Chicago in Focus
The 2019-20 Chicago in Focus had an auspicious beginning in September and continued to have good attendance at very interesting programs. Many quite prescient of these difficult times.
In September, Chicago Police Superintendent Eddie Johnson and Dr. Helen Neville, Director of the R.A.C.E (Race Activism Civic Engagement) Lab at the University of Illinois-Urbana-Champagne, discussed issues of policing and advised that understanding the culture of diverse communities is key. Accordingly, training must help police officers understand and appreciate cultural differences in diverse communities.
In October, Christian Picciolini and Author Maureen Loughnane, Executive Director of Facing History and Ourselves, explained that today’s white nationalists are considerably different than those who participated in a spate of violent race war incidents 100 years ago. Chris now leads the Free Radicals Project, a network which has helped more than 300 mostly young white nationalists disengage from extremist groups. Maureen explained how her organization strives to foster empathy and reflection, improve students’ academic performance, reinvigorate teachers, and build safe, inclusive schools.
November saw Jenny Terrell, of Chicago Lawyers Committee for Civil Rights, and Asiaha Butler, president of R.A.G.E ((Resident Association of Greater Englewood), discuss the many barriers to voting and ways to overcome them. Ms. Terrell advised that voter registration has been a major obstacle for citizens who are unsure of what kinds of documentation they need, where they need to go, and what they need to do. Ms Butler discussed why the importance of voting to Englewood and other disenfranchised communities and R.A.G.E. helps more people get involved and that “we value their voices.”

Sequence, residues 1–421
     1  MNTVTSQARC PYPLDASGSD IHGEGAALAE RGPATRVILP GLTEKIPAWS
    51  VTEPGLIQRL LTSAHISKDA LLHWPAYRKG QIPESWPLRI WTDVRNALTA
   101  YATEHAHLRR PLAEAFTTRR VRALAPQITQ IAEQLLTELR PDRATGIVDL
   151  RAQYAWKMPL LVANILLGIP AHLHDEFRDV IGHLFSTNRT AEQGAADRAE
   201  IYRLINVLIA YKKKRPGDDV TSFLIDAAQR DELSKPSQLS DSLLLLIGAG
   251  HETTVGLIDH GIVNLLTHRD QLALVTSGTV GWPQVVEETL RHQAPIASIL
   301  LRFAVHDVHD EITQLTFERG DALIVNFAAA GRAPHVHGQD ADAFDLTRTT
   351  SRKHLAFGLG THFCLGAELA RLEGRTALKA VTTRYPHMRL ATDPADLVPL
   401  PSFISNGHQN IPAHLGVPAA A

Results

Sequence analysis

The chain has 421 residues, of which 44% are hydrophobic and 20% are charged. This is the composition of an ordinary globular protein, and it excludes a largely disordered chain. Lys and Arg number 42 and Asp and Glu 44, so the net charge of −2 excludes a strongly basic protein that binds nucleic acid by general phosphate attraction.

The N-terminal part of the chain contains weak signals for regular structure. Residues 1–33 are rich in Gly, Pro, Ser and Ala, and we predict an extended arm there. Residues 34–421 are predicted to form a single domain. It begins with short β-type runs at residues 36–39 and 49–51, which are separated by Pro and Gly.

Census participation has a dramatic impact on our community, as advised in January. At its most basic, the Census determines the number of representatives each state has in Congress. Fewer representatives for a state means less ability to affect legislation. Many groups are difficult to reach in the first place, explained Corinne Betty Magness, Illinois Political Director for Operation PUSH. Organizations such as Rainbow PUSH and the Illinois Coalition for Immigrant and Refugee Rights (ICIRR) are mobilizing. ICIRR’s Maria Fitzsimmons told attendees about some of the ways of reaching vulnerable populations.
CiF’s March program on affordable housing was cancelled due to the Covid-19 situation. It will be rescheduled when public gatherings are allowed.
City Government Committee
LWV Chicago is interested in the procedures by which the City Council develops and implements policy. Of particular interest are budgeting and finance, organization and oversight of city government and housing. The LWV City Government Committee observes meetings of the City Council and six of its committees. Members prepare Observer reports to provide succinct summaries of significant issues before the Council Committees. We invite LWV members to join and observe meetings of a City Council committee.
Meetings of the City Council are live streamed on the web site of the City Clerk and a video archive is available. City Council Committee meetings also are now live streamed and archived. There are 18 standing committees of the City Council and nine joint committees. The responsibilities of the City Council and its committees include many routine administrative matters often handled by other government’ staffs. Most significant discussion and modifications occur during committee meetings before an item is referred to the full council. The video archive allows LWV members access outside of daytime business hours.
—Margaret Herring, Chair
The impending presidential election, census count and complications of COVID-19, have all shaped the efforts of the Communications Committee this year. While the pandemic has severely limited League activities and therefore some content for the website, the committee members have made every effort to provide information that is more critical than ever to voters. Committee members continued to update the website and social media for the Chicago League, as well as provided communications and marketing support for various Chicago League committees and initiatives.